Dissertation Defense

Systematic Controller Design for Dynamic 3D Bipedal Robot Walking

Brian BussPhD Candidate

Virtual constraints and hybrid zero dynamics (HZD) have emerged as a powerful framework for controlling bipedal robot locomotion, as evidenced by the robust, energetically efficient, and natural-looking walking and running gaits achieved by planar robots such as Rabbit, ERNIE, and MABEL. However, the extension to 3D robots is more subtle, as the choice of virtual constraints has a deciding effect on the stability of a periodic orbit. Furthermore, previous methods did not provide a systematic means of designing virtual constraints to ensure stability.

This thesis makes both experimental and theoretical contributions to the control of underactuated 3D bipedal robots. On the experimental side, we present the first realization of dynamic 3D walking using virtual constraints. The experimental success is achieved by augmenting a robust planar walking gait with a novel virtual constraint for the lateral swing hip angle. The resulting controller is tested in the laboratory on a human-scale bipedal robot (MARLO) and demonstrated to stabilize the lateral motion for unassisted 3D walking at approximately 1 m/s. MARLO is one of only two known robots to walk in 3D with stilt-like feet.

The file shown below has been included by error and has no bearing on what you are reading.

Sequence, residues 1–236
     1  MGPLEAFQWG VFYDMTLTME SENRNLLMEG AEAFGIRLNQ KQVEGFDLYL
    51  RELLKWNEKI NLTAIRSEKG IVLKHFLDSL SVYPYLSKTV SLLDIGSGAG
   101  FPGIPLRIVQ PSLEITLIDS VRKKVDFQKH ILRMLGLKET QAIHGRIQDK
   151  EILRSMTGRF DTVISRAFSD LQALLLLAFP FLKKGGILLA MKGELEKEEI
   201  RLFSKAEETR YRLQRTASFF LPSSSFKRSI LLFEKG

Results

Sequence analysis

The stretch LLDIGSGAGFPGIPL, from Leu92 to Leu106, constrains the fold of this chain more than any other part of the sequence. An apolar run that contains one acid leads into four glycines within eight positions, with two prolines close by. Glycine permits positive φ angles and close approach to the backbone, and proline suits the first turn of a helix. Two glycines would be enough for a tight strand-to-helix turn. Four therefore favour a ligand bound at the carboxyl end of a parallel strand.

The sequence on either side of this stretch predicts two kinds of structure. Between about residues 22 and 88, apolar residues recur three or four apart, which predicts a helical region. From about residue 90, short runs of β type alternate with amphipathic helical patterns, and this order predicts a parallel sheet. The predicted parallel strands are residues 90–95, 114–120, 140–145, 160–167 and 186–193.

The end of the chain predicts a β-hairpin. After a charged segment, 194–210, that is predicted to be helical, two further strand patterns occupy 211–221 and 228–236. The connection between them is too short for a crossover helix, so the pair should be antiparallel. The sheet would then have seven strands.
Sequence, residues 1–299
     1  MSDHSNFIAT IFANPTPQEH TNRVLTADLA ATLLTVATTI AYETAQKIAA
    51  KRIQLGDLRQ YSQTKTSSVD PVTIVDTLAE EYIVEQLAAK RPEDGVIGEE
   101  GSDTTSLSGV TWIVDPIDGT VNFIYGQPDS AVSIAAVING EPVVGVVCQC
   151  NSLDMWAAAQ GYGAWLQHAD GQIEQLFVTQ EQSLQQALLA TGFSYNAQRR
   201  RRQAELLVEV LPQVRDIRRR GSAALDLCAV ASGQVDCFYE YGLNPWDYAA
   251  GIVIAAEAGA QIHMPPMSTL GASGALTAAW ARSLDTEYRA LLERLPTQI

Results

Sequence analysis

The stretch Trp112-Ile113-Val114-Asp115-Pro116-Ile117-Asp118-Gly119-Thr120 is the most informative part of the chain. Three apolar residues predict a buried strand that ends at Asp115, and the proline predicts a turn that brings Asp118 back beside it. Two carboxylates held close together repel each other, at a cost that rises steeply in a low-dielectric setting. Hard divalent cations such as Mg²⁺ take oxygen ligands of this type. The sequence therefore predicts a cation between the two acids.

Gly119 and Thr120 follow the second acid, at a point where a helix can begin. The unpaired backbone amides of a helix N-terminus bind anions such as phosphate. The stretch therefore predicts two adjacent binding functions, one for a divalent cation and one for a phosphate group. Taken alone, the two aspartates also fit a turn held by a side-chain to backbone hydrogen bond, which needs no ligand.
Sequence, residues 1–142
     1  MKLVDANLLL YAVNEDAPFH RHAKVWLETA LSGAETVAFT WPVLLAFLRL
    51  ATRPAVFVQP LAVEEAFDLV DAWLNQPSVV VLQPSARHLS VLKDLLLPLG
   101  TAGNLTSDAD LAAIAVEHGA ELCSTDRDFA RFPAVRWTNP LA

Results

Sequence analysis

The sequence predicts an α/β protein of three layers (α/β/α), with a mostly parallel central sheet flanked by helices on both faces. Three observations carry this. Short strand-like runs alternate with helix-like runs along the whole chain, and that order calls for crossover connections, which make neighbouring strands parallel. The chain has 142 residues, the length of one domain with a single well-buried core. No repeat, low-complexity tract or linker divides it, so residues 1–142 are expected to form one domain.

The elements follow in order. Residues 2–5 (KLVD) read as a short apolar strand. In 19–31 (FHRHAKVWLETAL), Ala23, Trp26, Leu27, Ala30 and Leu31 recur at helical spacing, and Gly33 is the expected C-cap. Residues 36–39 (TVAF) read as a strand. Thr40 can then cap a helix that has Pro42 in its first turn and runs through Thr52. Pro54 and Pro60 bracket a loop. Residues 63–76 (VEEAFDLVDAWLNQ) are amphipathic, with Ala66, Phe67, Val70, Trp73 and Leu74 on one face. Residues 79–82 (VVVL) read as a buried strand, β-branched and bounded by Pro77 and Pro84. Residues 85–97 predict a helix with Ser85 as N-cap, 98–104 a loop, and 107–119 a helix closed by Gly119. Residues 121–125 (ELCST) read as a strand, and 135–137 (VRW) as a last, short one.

On the theoretical side, we introduce a method to systematically tune a given choice of virtual constraints in order to stabilize a periodic orbit of a hybrid system. We demonstrate the method to stabilize a walking gait for MARLO, and show that the optimized controller leads to improved lateral control compared to the nominal virtual constraints. We also describe several extensions of the basic method, allowing the use of a restricted Poincaré map and the incorporation of disturbance rejection metrics in the optimization. Together, these methods comprise an important contribution to the theory of HZD.

Sponsored by


Faculty Host

Jessy Grizzle